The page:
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What Are the Three Prophecies in "Macbeth"?

The witches in Shakespeare's Macbeth made three prophecies.
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Known by superstitious actors as "the Scottish play," William Shakespeare's "Macbeth" remains one of the most renowned dramas ever conceived, and is still regularly performed hundreds of years after it was written. Within the play, the character of Macbeth, the future king of Scotland, meets a trio of witches who make some prophecies that predict Macbeth's future and cause him to take actions that result in these predictions coming horribly true.

The Witches

In the first act of "Macbeth," Macbeth encounters a trio of witches, the "weird sisters." They tell Macbeth he will be "Thane of Glamis," "Thane of Cawdor" and "king hereafter." They further announce they will greet him again "when the battle's lost and won." They then recite in unison, "fair is foul, and foul is fair." Later in the play, Macbeth again meets the witches, who summon three ghostly apparitions, each of which offers a prophecy involving Macbeth's future.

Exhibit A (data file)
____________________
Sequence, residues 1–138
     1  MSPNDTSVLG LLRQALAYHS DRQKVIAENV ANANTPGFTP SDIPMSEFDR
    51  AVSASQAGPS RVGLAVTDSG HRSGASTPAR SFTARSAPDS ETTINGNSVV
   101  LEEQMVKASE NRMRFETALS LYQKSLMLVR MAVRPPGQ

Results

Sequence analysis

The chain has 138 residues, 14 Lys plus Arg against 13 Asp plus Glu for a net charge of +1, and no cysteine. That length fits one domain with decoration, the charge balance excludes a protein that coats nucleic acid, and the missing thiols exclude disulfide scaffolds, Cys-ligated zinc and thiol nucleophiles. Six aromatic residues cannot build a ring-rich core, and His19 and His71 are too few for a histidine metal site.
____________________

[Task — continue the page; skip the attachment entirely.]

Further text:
First Prophecy

The first apparition the witches conjure up is a disembodied head, wearing an helmet made of metal armor. This ghostly entity warns Macbeth to "beware Macduff; Beware the thane of Fife." This is a prophecy that Macduff will eventually return to Scotland and make an attempt to try to ruin Macbeth in some way, or even kill him. Ultimately, this prophecy foreshadows Macbeth's death at the hands of Macduff.

Second Prophecy

The second apparition is a bloody child, who gives Macbeth the following prophecy: "For none of woman born shall harm Macbeth." This initially seems to be a prophecy that Macbeth will remain invulnerable to anyone who tries to kill him, especially Macduff. However, this prophecy comes to foreshadow Macbeth's death by Macduff. The play later reveals that Macduff did not have a natural birth, but was "ripped from his mother's womb," implying he was born by Caesarean section.

Third Prophecy

The final apparition the witches conjure is another child, this one holding a branch. This apparition tells Macbeth he will not be vanquished until "Great Birnam Wood to high Dunsinane Hill shall come against him." This foreshadows the the attack on Elsinore castle when troops use the branches of trees from Birnam Wood as camouflage until they sneak into range and are close enough to mount their attack.

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